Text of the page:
Hannah Montana’s Big Brother?
His name is Randy Montana. You've heard his new song '1000 Faces' on WYRK and with a name like Montana he better be good, right? I checked in with the folks at TasteOf Country.com for the rundown on this promising up and comer. I found out all about Montana’s experience growing up as the son of a successful songwriter, his recent experiences opening for Sugarland and Little Big Town, which artists he most looks up to, and all the hard work that’s gone into his full-length debut album so far.
Your songs ‘Ain’t Much Left of Loving You’ and ’1,000 Faces,’ have been released. Is there a name for your debut album yet, and what else have you been up to?
Yeah, we put ‘Ain’t’ out last March, and then ’1,000 Faces’ just came out this January. Even though ‘Ain’t’ only broke the Top 40, it had a long chart life. It took a while to get up there. I did a lot of touring last summer. I was out with Sugarland, then I went out again with Little Big Town. It was a matter of setting things up, and making sure that everything was right. We wanted the right video. We wanted the right time for everything to be able to match up, to give us the best shot at success.
We turned in the first five [songs], with ‘Ain’t’ and some others, in November 2009. We went back in late February or March to cut the rest of the album, including ’1,000 Faces.’ We don’t have a title yet. I think the record’s gonna be out around June.
You mentioned the big tours you were on. How fun and/or nerve racking were those?
It was really cool. I’ve never done any amphitheater shows or anything like that, so it took me a while to get my feet wet in front of as many people as that. It was a great experience and I learned a lot and got a lot better through the whole thing.
What was it like working with your dad [noted songwriter Billy Montana]?
All the songs that him and I are writers on, we had a third party there as well. Those three-ways are great — you got three people bouncing ideas of each other. It’s great he got some tracks on there.
Is is true that Emmylou Harris is on one of your songs ['Last Horse,' from the '1,000 Faces' EP]?
Yeah, that’s on the EP. It was cool, man. Me and Jay Joyce, who produced the record, we were shooting the s—-, talking about getting a female vocalist on this thing, we were kind of throwing around ideas. He said, “What about Emmylou?” and I said [laughs], “Yeah, I’ll believe it when I hear it!” You know, “If she can do it, that’d be incredible.” Well, turns out we already had the track done, we sent it to her, she emailed right back, and three days later she was in the studio singing. It was amazing.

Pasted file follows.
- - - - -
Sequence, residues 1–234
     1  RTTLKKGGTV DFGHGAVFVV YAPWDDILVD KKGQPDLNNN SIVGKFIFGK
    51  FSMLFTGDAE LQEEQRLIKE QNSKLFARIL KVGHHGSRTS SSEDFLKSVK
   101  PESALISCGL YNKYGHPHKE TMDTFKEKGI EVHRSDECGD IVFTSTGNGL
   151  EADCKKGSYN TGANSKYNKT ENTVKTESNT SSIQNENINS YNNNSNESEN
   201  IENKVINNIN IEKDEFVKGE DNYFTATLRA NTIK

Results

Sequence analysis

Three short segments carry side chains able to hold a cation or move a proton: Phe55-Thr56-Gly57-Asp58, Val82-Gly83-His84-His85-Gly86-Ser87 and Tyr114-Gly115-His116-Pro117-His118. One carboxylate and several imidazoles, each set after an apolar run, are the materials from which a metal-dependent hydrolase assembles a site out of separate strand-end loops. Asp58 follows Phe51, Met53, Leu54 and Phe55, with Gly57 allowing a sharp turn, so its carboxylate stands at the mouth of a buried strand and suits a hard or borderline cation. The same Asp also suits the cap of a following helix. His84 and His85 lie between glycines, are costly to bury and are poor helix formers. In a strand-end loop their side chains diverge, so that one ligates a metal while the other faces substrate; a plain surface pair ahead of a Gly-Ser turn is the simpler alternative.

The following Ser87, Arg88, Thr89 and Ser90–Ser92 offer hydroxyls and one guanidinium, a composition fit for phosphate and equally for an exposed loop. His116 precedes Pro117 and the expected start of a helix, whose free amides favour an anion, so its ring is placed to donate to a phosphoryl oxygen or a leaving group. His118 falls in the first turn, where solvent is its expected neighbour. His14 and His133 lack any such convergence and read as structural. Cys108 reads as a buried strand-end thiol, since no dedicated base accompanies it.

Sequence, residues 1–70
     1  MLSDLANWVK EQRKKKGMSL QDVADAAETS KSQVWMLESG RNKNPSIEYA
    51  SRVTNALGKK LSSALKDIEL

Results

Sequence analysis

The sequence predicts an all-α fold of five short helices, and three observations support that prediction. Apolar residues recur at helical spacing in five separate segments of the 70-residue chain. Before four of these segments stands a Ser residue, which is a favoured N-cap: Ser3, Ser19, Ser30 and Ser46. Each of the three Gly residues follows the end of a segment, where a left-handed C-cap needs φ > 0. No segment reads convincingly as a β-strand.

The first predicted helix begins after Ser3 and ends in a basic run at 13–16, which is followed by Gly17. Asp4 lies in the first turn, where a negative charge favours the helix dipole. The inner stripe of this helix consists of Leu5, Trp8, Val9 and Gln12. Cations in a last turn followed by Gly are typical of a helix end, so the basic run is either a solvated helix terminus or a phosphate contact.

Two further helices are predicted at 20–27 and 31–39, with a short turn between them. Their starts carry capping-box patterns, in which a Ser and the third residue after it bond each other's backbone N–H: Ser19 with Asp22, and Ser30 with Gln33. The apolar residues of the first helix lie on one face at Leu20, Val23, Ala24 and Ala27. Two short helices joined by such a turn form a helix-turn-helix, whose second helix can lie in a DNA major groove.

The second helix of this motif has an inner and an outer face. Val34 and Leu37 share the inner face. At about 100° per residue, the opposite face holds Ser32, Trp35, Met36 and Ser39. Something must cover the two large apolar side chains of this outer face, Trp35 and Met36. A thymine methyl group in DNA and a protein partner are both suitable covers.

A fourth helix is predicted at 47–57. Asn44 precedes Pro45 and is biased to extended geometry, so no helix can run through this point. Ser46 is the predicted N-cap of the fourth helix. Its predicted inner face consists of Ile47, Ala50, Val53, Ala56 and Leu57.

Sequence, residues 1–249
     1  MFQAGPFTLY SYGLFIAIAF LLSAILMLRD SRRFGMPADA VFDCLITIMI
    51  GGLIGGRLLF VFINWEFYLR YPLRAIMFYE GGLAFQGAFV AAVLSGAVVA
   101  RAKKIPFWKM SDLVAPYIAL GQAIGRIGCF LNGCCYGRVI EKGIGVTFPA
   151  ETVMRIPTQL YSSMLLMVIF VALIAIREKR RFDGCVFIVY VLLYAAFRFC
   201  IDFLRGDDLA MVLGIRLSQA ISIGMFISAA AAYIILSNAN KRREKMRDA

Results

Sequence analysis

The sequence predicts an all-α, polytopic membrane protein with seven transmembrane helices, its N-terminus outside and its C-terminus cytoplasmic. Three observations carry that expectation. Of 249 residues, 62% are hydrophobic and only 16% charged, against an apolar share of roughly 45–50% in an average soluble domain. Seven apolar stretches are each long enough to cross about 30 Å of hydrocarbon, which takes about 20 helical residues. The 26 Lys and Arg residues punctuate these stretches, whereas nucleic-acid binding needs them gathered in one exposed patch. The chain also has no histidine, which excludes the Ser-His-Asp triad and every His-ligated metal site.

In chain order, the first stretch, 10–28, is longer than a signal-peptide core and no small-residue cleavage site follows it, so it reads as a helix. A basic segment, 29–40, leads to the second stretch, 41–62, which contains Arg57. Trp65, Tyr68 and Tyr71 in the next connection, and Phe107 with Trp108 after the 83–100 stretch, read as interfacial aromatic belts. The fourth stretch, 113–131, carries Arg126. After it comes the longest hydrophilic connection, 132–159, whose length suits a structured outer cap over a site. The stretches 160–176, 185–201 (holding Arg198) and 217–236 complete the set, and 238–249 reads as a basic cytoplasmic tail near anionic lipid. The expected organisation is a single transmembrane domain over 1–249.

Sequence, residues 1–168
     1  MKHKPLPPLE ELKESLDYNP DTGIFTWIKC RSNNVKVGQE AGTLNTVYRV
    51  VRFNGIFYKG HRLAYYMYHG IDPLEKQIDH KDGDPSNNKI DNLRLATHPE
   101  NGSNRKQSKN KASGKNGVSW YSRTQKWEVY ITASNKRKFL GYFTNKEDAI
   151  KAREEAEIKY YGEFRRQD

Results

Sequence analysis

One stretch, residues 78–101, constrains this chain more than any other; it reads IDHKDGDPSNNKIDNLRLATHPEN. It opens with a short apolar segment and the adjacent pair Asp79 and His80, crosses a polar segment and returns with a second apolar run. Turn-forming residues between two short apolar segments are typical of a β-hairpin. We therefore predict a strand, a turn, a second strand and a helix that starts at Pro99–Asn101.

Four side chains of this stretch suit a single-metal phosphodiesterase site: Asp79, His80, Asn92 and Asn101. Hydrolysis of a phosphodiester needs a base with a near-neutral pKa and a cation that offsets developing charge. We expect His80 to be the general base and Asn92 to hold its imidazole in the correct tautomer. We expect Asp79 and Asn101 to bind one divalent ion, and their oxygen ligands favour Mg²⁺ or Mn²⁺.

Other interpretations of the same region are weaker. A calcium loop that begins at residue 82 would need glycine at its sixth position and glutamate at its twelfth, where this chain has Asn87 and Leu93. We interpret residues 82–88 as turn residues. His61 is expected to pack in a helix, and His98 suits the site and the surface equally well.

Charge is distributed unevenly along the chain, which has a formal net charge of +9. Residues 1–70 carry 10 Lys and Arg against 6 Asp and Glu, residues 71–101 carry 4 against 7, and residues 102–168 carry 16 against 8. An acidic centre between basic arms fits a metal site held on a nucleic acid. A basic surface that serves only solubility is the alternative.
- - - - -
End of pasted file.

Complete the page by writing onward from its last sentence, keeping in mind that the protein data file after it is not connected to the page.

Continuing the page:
[Montana fiddles with his wedding ring.] Did you just get married?
I got married. It’ll be three years in May. How many times have you been in a restaurant like this and had it go off and roll under someone else’s table? I never had a high school ring before, maybe that’s why.
Who are your all-time favorites?
I’m a diehard Tom Petty and the Heartbreakers fan. He was at Bonnaroo, four or five years ago — he was headlining one of the nights — it was so cool. I grew up listening to singer-songwriters: Tom, Bruce and Jackson Browne. I love the Wallflowers’ stuff.
Even though your dad was in country? Wasn’t that all around?
We listened to rock, things like that, but it was always country. My dad’s been in the country music industry since before I was born. We used to listen to a lot of Alabama. My dad said he used to be able to play a game with me, when I was 3-years-old, where he could name one of their songs and I’d start singing the chorus.
So were you just rebelling by listening to the rock ‘n’ roll?
[Laughs] No! Not in the least bit! Regardless of “genre,” it’s always been the singer-songwriter for me that’s really intriguing. I want to hear a guy that wrote a song, why he wrote it, and his delivery of it. And that’s the cool thing about Nashville — you go to these songwriter nights, and you listen to these songwriters, who a lot of them are great singers and are trying to be artists, or were trying to be at one time. You hear them sing their song that you’ve heard on the radio sung by someone else. It’s a completely different delivery because it’s their song, it’s their feeling and their emotion. That kind of stuff is really cool to me. I like hearing that version of the song better than the radio edit.
OK, so who are your all-time favorite country singers?
George Jones— his singing, and those songs are great. I was always a fan of Willie[Nelson] and Kris[Kristofferson], those guys that were at the forefront of the Highwaymen. It was cool. They were buddies, they’d run together, they hung together, they played together and sung together. That whole idea just really intrigues me.